Morality, government and fossil fools (Bryan’s back!)

By Bryan Walker 24/05/2013

I signed off regular writing for Hot Topic some months ago. But failing eyesight doesn’t mean failing concern, and my anger at the way our government heedlessly pursues the expansion of fossil fuel exploration led me recently to reflect I could still see sufficiently to write letters to editors. Publication of a letter by the NZ Herald emboldened me to try something for the dialogue page. It wasn’t accepted, on the reasonable  ground that they were about to publish an article by Jim Salinger which they described as along the same lines.

However I thought Hot Topic readers might be interested in my attempt to attack the government on moral grounds. I acknowledge that politics and morality make uneasy bedfellows, and that moral absolutism is hardly a suitable tool for political effectiveness. Nevertheless sometimes issues arise where shades of grey can legitimately be challenged by something closer to black and white, and that transition is certainly much earlier along the path of fossil fuel exploitation than our government (and many other governments) is currently inclined to allow.

The moral appeal is strongly made by many who write and speak on the climate issue. Al Gore sounds it regularly. Among the many books I have reviewed on Hot Topic I recall being struck by what William Calvin’s book Treating a Fever had to say on the question, as I summarised in the review:

“He also pins hope on religious leaders coming to see that climate change is a serious failure of stewardship and our present use of fossil fuel is a deeply immoral imposition on other people and unborn generations. Their arguments will trump the objections of the vested interests, just as they did when slavery was ended in the 19th century.”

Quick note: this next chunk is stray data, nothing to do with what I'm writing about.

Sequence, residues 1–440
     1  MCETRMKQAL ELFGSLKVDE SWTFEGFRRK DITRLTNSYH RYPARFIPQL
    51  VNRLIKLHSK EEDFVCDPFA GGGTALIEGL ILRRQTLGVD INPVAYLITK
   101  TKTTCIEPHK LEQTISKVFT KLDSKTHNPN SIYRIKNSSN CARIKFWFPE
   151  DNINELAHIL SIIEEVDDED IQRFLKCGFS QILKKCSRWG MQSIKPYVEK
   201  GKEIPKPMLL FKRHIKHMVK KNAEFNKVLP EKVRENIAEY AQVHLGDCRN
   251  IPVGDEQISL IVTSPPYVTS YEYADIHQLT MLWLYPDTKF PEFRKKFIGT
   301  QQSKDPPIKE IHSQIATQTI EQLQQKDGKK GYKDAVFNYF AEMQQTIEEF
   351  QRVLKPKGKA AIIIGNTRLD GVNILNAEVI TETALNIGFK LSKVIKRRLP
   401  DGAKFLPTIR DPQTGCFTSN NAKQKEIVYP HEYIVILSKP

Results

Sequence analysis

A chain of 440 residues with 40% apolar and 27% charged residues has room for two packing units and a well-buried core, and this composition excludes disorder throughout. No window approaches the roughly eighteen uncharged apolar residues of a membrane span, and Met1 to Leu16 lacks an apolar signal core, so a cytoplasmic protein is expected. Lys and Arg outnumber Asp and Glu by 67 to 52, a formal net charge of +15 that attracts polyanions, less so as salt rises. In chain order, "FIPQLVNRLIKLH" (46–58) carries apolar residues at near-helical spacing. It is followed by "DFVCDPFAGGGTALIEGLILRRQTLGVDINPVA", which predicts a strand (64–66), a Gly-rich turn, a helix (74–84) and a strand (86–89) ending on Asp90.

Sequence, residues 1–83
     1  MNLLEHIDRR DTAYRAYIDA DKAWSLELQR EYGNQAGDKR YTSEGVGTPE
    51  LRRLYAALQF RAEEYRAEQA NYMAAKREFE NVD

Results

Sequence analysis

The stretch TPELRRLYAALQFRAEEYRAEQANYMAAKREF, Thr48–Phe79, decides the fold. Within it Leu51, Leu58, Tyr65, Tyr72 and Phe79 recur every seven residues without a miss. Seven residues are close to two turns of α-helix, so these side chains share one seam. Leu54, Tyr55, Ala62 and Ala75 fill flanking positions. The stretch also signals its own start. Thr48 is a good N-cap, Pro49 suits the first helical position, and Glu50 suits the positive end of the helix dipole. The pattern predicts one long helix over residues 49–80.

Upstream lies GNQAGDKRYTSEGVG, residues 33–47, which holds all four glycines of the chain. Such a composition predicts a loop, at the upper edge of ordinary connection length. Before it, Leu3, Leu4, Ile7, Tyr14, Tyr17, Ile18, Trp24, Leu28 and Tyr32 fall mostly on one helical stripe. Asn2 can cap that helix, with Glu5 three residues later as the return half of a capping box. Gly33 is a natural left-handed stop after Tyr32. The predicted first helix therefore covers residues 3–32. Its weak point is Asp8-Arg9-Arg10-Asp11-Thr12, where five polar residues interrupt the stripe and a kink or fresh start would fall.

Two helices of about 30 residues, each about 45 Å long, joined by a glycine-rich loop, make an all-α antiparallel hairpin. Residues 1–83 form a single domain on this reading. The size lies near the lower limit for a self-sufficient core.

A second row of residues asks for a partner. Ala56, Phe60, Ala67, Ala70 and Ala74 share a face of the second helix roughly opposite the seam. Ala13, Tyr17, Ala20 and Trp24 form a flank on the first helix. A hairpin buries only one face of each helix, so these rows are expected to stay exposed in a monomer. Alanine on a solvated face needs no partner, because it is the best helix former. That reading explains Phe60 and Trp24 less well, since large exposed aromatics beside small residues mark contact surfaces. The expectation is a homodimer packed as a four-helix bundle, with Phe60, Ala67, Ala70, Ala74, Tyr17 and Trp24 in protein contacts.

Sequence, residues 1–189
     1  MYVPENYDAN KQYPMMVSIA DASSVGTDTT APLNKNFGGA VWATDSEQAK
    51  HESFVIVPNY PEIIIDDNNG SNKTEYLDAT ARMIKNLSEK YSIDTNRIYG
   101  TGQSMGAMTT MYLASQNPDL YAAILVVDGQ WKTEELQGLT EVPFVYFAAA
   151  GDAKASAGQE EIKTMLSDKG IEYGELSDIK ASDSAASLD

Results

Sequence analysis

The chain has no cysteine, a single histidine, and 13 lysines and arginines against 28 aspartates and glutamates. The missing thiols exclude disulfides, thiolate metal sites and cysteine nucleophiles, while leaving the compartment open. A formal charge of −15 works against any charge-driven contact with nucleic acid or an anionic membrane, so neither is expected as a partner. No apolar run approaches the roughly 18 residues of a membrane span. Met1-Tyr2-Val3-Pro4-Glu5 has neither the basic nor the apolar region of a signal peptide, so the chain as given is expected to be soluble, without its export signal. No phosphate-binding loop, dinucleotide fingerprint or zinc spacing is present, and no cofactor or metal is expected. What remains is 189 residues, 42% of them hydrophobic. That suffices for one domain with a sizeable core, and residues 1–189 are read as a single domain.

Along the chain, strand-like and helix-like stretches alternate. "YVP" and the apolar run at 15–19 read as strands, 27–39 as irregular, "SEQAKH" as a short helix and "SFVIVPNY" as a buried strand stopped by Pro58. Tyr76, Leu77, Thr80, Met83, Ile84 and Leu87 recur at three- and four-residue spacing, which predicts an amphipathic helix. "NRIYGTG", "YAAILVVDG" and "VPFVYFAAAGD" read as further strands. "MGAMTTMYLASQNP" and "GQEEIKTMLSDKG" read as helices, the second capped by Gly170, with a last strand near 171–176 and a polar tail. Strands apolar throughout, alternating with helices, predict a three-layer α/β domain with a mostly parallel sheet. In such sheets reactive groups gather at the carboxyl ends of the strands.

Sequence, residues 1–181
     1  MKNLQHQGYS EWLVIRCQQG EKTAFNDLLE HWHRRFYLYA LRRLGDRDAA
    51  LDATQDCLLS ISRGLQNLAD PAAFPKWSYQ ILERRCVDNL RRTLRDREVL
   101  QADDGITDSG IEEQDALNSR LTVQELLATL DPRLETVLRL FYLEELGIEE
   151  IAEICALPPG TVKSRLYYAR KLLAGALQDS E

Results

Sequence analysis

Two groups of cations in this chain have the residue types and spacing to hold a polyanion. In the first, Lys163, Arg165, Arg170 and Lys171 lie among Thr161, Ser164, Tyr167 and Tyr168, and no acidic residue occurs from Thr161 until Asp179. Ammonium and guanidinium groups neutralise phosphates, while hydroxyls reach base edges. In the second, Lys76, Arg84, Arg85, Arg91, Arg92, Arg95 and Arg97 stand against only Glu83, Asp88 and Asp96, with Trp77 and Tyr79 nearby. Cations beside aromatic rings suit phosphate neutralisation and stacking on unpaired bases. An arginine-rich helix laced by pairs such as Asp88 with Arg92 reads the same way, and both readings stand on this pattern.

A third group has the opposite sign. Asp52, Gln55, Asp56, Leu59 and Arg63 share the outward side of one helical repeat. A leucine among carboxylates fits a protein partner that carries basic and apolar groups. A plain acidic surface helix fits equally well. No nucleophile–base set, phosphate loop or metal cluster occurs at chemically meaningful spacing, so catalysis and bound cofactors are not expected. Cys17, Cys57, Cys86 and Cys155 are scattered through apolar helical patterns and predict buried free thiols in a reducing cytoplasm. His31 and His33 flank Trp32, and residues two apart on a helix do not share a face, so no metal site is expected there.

Whether there’s any hope of an onslaught by religious leaders in church-going US, or for that matter in less religion-oriented NZ, is hardly yet clear, but the appeal to morality can be sounded just as well by those of no religion, and is worth making if we set any value on the finer human traits.

Here’s the piece I submitted to the Herald. Hot Topic readers will understand that it was written for a general public audience.

The relationship between morality and government is rarely easy to affirm, but if ever there was a clear moral imperative for government it is to mitigate climate change. Human suffering on giant scales is threatened as the predictions of climate science begin to prove correct in reality. Economist Lord Nicholas Stern, head of the Grantham Institute on Climate Change, warned recently of the massive movements of people likely to be triggered by the temperature rises our current greenhouse gas emissions trajectory will cause. He foresees hundreds of millions of people forced to leave their homelands because of disrupted weather patterns and spreading deserts, resulting in serious and prolonged armed conflict.